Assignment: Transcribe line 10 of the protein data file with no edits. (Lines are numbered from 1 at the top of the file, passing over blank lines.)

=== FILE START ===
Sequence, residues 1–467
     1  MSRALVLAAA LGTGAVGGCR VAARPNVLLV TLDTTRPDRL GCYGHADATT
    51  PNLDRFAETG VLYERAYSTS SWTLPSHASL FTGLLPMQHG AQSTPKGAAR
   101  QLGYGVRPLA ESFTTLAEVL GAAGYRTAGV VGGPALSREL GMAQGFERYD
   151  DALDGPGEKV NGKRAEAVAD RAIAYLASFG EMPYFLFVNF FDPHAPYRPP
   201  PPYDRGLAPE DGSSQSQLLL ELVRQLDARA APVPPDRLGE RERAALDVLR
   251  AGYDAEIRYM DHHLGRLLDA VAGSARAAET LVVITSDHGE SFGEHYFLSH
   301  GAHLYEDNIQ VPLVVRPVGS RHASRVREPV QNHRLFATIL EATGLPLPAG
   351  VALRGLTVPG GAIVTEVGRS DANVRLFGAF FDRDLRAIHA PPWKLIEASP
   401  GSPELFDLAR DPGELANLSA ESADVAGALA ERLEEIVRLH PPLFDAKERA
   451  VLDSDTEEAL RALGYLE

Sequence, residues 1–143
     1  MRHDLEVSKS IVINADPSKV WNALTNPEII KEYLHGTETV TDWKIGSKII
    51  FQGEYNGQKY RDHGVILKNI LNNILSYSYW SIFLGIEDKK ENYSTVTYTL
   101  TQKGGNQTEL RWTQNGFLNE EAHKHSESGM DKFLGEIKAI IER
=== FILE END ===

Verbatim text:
   401  GSPELFDLAR DPGELANLSA ESADVAGALA ERLEEIVRLH PPLFDAKERA